If you’re able to exercise and head to a gym, do your fellow gym members a favor. Wipe down any equipment you use with the anti-bacterial spray that’s sure to be made available by the facility. It’s just common courtesy!
As for the below-the-neck “stuff”: If you’re suffering from stomach issues including vomiting or diarrhea, or have a severe cough or fever, take a break from exercise until whatever’s ailing you has run its course. Also, if you’re knocked out by a serious bug for several days, remember to take it easy on your first day back in action. Your body could be recovering from mild dehydration and overall fatigue, so don’t jump out of bed and rush to your highest-intensity group exercise class the minute your fever breaks.
I’ve said it before and I’ll say it again: listen to your body! It’s true that one the benefits of exercise is that it boosts the immune system. However, what’s also true is that depending on what’s going on in your life, your body may need an extra hour of sleep one morning more than it needs to be pushed to the max at a kickboxing class.
Remember, a minimum of one day of rest each week is important, but when you’re sick, you may need two or more. Don’t sweat it. Just rest up, drink your fluids and before you know it, you’ll be back on your feet and back on track with your plans to have fun, be fit and feel fabulous!
Welcome to another Monday and a new shot of motivation to kick off the work week!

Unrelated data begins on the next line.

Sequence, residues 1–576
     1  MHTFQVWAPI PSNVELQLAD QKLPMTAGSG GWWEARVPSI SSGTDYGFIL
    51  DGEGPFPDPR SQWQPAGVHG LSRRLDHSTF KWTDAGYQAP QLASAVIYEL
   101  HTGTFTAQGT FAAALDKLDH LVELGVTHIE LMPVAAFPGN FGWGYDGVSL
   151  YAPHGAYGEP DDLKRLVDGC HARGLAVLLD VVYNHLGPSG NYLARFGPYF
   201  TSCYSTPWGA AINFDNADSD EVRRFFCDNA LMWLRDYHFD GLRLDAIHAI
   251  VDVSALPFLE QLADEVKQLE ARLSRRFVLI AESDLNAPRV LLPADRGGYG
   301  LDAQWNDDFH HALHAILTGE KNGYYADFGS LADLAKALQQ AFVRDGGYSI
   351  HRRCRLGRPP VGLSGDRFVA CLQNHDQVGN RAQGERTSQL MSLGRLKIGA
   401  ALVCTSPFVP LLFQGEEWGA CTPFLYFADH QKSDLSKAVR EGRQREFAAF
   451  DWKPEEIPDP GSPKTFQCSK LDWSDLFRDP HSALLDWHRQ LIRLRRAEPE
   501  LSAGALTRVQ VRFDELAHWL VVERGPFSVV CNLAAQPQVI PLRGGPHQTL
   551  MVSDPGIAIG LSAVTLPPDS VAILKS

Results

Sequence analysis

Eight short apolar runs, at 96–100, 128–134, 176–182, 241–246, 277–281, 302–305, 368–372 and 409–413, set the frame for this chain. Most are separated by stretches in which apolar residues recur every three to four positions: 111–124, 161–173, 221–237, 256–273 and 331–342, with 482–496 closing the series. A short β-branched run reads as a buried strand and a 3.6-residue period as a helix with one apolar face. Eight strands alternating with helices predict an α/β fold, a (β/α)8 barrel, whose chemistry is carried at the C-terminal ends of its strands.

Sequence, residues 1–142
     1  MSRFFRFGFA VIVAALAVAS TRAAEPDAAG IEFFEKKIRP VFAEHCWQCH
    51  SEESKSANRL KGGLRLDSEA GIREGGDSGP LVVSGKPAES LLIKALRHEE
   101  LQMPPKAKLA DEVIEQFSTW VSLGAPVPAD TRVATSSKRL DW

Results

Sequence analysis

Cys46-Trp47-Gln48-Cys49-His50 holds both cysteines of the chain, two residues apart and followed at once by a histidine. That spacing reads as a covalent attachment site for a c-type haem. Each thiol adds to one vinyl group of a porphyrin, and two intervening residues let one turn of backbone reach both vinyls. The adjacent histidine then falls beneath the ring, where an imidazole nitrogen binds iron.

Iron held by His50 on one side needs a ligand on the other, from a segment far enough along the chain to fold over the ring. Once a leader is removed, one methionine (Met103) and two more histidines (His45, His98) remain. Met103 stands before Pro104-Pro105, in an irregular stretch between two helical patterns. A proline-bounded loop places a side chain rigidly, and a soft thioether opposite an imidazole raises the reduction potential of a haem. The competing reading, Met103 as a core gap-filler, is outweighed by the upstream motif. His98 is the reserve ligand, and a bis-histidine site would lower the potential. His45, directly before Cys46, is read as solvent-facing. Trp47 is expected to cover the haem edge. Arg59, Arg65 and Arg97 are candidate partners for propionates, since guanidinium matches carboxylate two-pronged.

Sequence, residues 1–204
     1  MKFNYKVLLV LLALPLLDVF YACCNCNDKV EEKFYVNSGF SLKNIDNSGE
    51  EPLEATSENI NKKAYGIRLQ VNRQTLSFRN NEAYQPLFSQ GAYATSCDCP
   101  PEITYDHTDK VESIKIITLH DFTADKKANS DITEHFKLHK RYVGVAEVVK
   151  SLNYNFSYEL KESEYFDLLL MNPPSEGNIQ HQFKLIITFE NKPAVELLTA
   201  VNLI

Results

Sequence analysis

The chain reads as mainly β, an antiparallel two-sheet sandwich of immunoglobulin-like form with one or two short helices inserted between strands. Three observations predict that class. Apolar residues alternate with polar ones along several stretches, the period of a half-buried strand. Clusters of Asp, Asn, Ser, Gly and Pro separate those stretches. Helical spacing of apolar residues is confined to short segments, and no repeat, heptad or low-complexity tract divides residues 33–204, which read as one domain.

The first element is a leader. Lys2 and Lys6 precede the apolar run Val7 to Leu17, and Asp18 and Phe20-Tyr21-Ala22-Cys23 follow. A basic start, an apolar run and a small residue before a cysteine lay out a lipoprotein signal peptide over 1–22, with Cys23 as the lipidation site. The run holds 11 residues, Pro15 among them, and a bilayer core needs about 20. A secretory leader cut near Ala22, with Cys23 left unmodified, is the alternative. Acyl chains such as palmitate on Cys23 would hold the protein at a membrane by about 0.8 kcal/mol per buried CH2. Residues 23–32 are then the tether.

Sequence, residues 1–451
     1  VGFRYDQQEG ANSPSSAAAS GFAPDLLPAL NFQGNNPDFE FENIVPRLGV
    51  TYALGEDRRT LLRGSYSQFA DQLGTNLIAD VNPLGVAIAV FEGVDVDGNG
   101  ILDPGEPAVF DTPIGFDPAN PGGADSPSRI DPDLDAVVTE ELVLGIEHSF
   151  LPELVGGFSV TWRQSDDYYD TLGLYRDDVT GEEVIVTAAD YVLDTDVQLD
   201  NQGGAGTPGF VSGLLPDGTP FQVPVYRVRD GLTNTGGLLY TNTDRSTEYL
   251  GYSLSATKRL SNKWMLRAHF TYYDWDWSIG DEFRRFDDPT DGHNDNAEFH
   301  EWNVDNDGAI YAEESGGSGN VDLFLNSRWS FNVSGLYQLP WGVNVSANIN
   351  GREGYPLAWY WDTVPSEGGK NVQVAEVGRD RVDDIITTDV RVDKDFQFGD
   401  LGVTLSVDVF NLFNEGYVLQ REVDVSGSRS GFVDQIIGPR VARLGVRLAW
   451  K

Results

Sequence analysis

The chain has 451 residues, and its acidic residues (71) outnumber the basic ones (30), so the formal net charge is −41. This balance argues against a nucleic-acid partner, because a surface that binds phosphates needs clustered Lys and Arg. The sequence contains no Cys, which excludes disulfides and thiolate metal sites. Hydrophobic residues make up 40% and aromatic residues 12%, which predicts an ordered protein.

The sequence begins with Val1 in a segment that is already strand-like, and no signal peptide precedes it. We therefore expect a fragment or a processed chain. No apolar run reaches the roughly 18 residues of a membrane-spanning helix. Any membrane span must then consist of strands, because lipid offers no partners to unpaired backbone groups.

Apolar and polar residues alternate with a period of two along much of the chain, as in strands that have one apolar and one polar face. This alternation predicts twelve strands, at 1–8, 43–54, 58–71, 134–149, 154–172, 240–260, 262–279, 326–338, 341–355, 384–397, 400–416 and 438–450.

Today, I want to address one of the worst things we can do to ourselves when we make the decision to pursue a healthy lifestyle and start exercising. Do NOT waste your energy comparing yourself to others!
Whether you’re out for a power walk, sweating it out on the elliptical, lifting weights or taking a group exercise class, you should be working out at a pace that feels good for you. The reality is there will always be someone who can walk or run faster, lift more or be more graceful at Zumba than you. Who cares?
I’m still working on getting over my own insecurities. While my love affair with fitness dates back to my childhood, I got certified in the fitness industry “late” in life. Many of my new fitness friends have been personal training or teaching group exercise classes since the days I started my journalism career. That’s about 15 years ago. Others got certified at the same time I did, but they’re 10 years younger. They recover from some of the tougher workouts more quickly than I do at the age of 38. Comparing myself to any of these peers is pointless. Instead of feeling inadequate about my capabilities, I’ve decided it’s much more productive to turn to these fitness friends for motivation and information on everything from human movement science to exercise program design.
So, stop comparing yourself to that “ripped” girl or guy on the machine next to you. Focus on yourself. Do what you can, as best as you can and remember, you’ve made exercise a part of your life to make your heart healthier, your body happier and your mind a little saner.
Sometimes, we all need a reminder on why it’s important to be our biggest cheerleader when it comes to following through on the plan to have fun, be fit and feel fabulous!